Founded at the close of World War I, the Council on Foreign Relations (CFR) is an influential organization devoted to the study of foreign policy. Ever since 1952, when Emmanuel Josephson’s Rockefeller Internationalist: The Man Who Misrules the World proclaimed the CFR’s New York office to be nothing less than the center and symbol of the sinister “Rockefeller-Soviet Axis,” right-wing opponents of the group—the John Birch Society (JBS) in particular—have viewed the CFR as a conspiratorial cabal with designs on global power. Although the fall of the Iron Curtain necessitated modification to the theory of a CFR-Communist conspiracy, the JBS still argues that the Council is really a group of “establishment Insiders” intent on creating a socialist “One World Government.” CFR members are well positioned for this coup, as they can be found in the highest positions of the government (Henry Kissinger, George Bush, and Bill Clinton); finance (the Rockefellers and innumerable New York bankers); the legal world (Supreme Court Justices O’Connor, Ginsburg, and Breyer); and the media (editors of the New York Times and network news anchors); not to mention in other secret cabals such as the Trilateral Commission and the Bohemian Grove group. According to the conspiracy theorists, contemporary political developments such as the liberalization of global trade (e.g., NAFTA, GATT) and the rise of the United Nations are the first steps toward the CFR’s ultimate goals: the end of national sovereignty and the enslavement of the entire world under the banner of their centralized, all-powerful “world government.” In this “New World Order,” U.S. military forces will be employed as oppressive agents of the global supergovernment—UN “peace-keeping” missions are merely the tip of this iceberg.
To be fair, there are a great many “charges” that members of the CFR would not care to dispute, but the Council’s outlook on the New World Order is radically different from that of the JBS because of the historical context out of which the whole idea developed. When the CFR was founded in 1919, Woodrow Wilson’s quest for a utopian international community constituted the starting point for many CFR members’ views on U.S. foreign policy. If World War I was to be the “war to end all wars,” it was essential to produce a new international community that could ease the tensions between nation-states before serious conflicts erupted. What was needed, argued the Wilsonians, was less jingoistic nationalism and more international cooperation; a movement toward creating “One World” from the divided, fractured world of 1919 (and, indeed, since this was prior to the rabid anticommunism of the cold war, some members thought in terms of a “socialist” world order, which was to become immensely unpopular three decades on). Of course, for a variety of reasons, lack of full U.S. participation being one, the League of Nations never fulfilled this role, and within a decade Europe was quickly descending into another era of bloodshed. The Council’s investigations into the causes of World War II only reinforced the Wilsonian ideals of many members. The division of the world’s great powers combined with rampant nationalism had produced the preconditions for fascism, genocide, and the near total destruction of Europe. Supporters of the CFR today would argue that the Council’s advocacy for a New World Order must be understood in this context, and that the movement toward international cooperation under the aegis of the United Nations heralds an era of increasing peace and prosperity rather than an Orwellian nightmare. “Mainstream” critics and historians of the CFR like Robert Schulzinger (who actually suggests that much of the Council’s work is cliche-ridden and ineffectual) argue that the Council’s ideas merely mirror the transformations brought on by globalization, and that to read the similarity between the CFR’s ideas and global developments as involving a causal link is simply a mistake.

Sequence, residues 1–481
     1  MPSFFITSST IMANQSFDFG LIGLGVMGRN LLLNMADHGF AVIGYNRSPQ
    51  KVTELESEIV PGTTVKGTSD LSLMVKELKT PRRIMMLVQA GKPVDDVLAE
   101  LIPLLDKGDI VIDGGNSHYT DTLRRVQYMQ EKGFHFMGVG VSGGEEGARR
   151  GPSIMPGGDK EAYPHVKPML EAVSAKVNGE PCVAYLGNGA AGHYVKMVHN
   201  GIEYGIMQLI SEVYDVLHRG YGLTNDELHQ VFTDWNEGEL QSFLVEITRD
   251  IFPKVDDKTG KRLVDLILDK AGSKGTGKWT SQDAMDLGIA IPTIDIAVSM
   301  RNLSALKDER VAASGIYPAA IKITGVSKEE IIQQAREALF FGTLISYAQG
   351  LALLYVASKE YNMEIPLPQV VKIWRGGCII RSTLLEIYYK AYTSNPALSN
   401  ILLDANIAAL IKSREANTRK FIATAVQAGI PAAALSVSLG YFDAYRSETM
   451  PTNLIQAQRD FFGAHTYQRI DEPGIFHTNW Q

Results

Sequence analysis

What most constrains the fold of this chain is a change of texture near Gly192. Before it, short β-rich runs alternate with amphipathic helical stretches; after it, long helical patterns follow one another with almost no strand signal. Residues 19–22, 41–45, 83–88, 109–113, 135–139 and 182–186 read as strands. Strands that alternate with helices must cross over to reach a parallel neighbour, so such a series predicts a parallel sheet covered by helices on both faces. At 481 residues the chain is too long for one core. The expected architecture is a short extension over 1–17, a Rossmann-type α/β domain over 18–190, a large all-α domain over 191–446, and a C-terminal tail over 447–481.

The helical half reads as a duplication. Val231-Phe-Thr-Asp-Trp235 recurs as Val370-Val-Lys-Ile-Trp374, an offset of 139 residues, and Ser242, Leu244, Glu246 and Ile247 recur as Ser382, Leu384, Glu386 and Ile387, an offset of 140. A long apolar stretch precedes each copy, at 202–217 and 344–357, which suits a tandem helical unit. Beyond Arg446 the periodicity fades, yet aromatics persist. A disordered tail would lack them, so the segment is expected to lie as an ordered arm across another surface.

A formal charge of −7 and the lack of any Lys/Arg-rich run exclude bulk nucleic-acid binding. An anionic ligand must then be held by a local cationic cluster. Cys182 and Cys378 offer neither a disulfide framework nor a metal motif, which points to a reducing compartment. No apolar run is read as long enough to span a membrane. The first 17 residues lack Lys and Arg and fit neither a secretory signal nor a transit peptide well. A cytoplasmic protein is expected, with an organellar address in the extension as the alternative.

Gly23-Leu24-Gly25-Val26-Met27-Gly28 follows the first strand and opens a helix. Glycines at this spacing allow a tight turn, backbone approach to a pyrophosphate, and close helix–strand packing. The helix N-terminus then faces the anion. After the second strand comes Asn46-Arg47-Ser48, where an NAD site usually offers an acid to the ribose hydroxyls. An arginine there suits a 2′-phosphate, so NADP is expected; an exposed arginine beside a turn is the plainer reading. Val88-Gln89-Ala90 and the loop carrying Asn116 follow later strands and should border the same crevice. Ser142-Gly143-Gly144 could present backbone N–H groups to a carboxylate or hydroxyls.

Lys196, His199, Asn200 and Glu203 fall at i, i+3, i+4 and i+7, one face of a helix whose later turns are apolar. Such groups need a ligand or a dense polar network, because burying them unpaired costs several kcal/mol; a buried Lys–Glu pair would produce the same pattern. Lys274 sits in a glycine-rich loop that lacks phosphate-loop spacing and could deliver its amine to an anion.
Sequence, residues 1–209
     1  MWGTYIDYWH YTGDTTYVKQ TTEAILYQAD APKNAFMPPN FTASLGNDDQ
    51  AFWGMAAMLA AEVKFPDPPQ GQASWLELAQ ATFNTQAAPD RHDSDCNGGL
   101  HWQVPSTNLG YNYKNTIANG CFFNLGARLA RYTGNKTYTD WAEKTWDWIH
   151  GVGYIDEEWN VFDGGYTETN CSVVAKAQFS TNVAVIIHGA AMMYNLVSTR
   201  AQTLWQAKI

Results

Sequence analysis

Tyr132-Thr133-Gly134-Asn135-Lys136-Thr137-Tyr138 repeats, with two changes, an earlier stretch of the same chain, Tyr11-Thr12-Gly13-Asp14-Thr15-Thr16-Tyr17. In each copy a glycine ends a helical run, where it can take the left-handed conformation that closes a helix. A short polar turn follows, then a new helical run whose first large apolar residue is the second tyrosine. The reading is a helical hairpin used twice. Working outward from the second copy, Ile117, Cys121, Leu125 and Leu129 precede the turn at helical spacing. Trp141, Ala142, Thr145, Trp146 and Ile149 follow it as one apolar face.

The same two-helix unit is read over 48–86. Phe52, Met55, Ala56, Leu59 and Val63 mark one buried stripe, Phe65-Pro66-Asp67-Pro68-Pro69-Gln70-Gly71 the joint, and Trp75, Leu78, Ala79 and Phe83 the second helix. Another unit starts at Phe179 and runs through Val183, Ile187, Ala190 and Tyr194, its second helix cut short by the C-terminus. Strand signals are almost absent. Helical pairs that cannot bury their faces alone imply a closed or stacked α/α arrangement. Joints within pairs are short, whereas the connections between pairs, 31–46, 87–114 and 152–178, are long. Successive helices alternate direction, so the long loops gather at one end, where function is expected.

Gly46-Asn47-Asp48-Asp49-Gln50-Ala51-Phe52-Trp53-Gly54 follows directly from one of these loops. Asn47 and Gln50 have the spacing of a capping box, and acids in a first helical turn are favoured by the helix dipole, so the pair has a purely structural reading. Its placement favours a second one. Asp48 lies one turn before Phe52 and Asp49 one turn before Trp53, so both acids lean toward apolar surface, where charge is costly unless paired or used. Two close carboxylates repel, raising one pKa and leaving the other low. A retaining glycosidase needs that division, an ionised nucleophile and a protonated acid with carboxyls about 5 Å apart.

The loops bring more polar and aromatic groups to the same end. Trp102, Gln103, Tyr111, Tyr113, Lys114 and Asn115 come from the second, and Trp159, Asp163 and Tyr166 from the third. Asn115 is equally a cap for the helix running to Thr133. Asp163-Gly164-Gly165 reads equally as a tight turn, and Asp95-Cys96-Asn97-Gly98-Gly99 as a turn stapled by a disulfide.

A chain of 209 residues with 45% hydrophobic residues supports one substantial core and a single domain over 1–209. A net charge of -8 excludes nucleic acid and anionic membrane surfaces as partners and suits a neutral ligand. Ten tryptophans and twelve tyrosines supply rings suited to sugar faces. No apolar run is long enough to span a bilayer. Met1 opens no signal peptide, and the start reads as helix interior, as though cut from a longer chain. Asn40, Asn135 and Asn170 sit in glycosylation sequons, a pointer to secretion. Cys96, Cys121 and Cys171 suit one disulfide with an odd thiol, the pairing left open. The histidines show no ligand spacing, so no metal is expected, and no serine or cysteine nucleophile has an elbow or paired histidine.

Thus, as far as the New World Order goes, it seems as though one man’s secular utopia is another man’s apocalypse; the division between the two perspectives is completely unbridgeable, and the apocalyptic side of the divide is inevitably dismissed by mainstream culture as “extreme.” The charge of elitism, however—the claim that the CFR is a network of “insiders” that form an all-powerful East Coast “establishment”—is less easily dispelled, since the CFR is quite self-consciously elitist. The CFR argues that international relations should be studied by serious, dispassionate minds free from the taint of impurities such as nationalism. At the outset of the cold war, for instance, George Kennan published his now infamous “X” article in the CFR’s journal, Foreign Affairs, and raised so much public hysteria surrounding the Soviet menace that the Council began to fear that the issue of U.S-Soviet relations would be hijacked by demagogues (and, in view of what loomed on the horizon in McCarthyism, perhaps this fear was not misplaced). If the CFR is “secretive,” argue its proponents, it is because sometimes heightened public consciousness actually works against the proper ends of international politics. Even mainstream academics, however—people who would themselves no doubt be designated “insiders” by the JBS—might well argue that while the CFR’s cultivation of its status as an elite organization may not accurately be termed conspiratorial, it is not at all clear that it represents a positive development in U.S. political culture.